As George W Bush spends his final days in office, I thought I would share the essay I wrote on the hypocrisy of the anti-Bush bandwagon in Not In My Name: A Compendium Of Modern Hypocrisy.
George W. Bush is bad, right? Absolutely everything about him is evil. Whatever else we may disagree on, we can all agree that Bush is bad and therefore we are good. Right? That’s about as high-minded as any discussion of Bush gets, which is ironic given that it is Bush who is supposed to be stupid and not his detractors. However, the Bush basher will immediately cover their ears if you try and point out another side to the man.
So never try and tell a modern hypocrite that George W. Bush has been widely praised by leading aid workers for his radical and positive approach to poverty and famine in Africa. Don’t waste your time informing them that, throughout his career, Bush has championed the rights of immigrants. Neither should you bother reminding them that, once he became president, Bush filled senior governmental positions with unprecedented numbers of brilliant, black politicians. They simply won’t be listening.
It was Sir Bob Geldof who first flagged up Bush’s brilliance on Africa. ‘You’ll think I’m off my trolley,’ he said, ‘but the Bush administration is the most radical– in a positive sense – in its approach to Africa, since Kennedy.’ Sir Bob contrasted this to Europe’s ‘pathetic and appalling’ response and Clinton’s record: ‘he did fuck all’. Many aid charities have echoed his praise for Bush. Bono, too, has had many good things to say about him. None of this is good enough for your modern hypocrite, though. For them, Bush will always be the devil incarnate. Funny, isn’t it, how people who contribute no more to the cause than buying a white wristband should feel so comfortable hurling abuse at a man who has done more than most on the planet to help Africa.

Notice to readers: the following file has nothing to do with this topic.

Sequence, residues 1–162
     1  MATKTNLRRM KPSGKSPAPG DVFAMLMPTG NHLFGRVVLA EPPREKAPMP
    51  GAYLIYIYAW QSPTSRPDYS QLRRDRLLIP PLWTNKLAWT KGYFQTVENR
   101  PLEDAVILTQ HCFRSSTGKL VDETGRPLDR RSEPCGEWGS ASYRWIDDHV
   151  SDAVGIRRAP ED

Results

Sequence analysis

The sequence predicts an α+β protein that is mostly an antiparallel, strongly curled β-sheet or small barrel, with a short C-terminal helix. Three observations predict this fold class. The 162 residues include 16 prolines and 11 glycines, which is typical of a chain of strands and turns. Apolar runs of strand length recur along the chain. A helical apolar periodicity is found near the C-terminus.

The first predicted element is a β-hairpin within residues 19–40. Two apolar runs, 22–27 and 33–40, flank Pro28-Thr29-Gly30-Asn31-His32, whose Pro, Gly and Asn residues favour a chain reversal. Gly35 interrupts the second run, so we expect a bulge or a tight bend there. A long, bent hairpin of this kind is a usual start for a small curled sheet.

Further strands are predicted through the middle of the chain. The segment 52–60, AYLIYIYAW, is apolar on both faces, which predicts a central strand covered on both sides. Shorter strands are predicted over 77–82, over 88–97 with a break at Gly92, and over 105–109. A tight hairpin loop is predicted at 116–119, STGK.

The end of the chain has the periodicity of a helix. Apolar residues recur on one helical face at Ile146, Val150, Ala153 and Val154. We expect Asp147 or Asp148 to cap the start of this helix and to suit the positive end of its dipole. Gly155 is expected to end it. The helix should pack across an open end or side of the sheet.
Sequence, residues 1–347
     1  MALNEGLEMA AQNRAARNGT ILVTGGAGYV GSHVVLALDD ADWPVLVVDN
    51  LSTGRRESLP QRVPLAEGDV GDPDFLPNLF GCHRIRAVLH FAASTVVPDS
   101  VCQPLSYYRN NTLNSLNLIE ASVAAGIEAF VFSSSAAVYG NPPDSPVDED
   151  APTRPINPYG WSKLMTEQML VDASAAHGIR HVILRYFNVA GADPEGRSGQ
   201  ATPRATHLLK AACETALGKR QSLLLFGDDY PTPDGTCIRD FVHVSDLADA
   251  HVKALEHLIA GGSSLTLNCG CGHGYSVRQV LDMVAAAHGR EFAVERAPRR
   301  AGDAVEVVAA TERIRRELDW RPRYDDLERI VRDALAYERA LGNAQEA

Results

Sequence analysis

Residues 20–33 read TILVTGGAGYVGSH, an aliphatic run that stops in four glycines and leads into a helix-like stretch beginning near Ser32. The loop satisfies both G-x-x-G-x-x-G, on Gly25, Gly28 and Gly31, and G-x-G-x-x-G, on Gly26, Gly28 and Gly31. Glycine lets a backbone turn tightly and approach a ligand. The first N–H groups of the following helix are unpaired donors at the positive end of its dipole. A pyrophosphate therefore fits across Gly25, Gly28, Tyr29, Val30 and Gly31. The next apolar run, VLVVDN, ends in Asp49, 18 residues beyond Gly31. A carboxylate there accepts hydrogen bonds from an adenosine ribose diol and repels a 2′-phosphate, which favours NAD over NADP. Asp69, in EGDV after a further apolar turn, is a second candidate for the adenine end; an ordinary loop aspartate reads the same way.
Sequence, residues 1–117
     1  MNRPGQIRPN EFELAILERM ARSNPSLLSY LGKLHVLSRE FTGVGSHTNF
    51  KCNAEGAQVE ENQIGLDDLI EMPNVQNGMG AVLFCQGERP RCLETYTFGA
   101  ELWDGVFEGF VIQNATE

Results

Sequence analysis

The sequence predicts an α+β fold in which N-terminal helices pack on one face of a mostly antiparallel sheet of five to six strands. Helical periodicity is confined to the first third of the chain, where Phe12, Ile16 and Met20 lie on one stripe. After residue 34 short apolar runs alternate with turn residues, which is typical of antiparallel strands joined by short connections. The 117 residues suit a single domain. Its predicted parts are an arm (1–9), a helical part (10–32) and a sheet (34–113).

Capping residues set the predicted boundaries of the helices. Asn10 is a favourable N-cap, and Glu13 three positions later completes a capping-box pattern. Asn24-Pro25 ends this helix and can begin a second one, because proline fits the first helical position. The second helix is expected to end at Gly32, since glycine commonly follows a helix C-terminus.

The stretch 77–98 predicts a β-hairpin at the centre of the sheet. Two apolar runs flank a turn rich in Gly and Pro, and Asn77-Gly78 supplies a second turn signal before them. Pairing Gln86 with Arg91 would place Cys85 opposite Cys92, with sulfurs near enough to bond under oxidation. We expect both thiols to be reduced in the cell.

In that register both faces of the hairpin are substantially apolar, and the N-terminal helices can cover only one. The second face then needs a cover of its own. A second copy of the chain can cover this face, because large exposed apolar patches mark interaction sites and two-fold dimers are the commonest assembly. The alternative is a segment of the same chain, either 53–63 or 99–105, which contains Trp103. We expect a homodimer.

He has not just helped bring aid to impoverished Africans, he has also helped bring hope to those living under harsh regimes. In 2005, Egyptian president Hosni Mubarak jailed an opponent who was planning to challenge him in the presidential election. Bush pressured Mubarak – who prefers to run for the presidency unopposed – into releasing his opponent. When private pressure didn’t work, the Bush administration made its disapproval public. Then Condoleezza Rice cancelled a planned trip to Egypt in protest, Mubarak relented and Dr Ayman Nour was released.
Not that any of this will stop his detractors from thinking Bush is racist. So it’s hugely inconvenient for them to learn that in 1994 he passionately opposed a bill in California that would cut access to public services for illegal immigrants. He is actually a hero of many immigrants in America: for instance, his share of the Hispanic vote increased by nine per cent during his first term as president.
So, no, it’s not just Midwest bible-bashers who voted for Bush. While we’re on the religion issue, did you know that Bill Clinton publicly referred to Jesus Christ more times than Bush did? Bush averaged 4.7 times a year while Clinton averaged 5. 1 annually. Similarly, during the 2004 presidential campaign, Democrat John Kerry made a campaign speech in a church in St Louis and used a biblical quote to attack Bush, who never campaigned in a church and never quoted from the scriptures. However, when Bush mentions faith he is bad, but when a Democrat mentions faith it’s fine, almost groovy!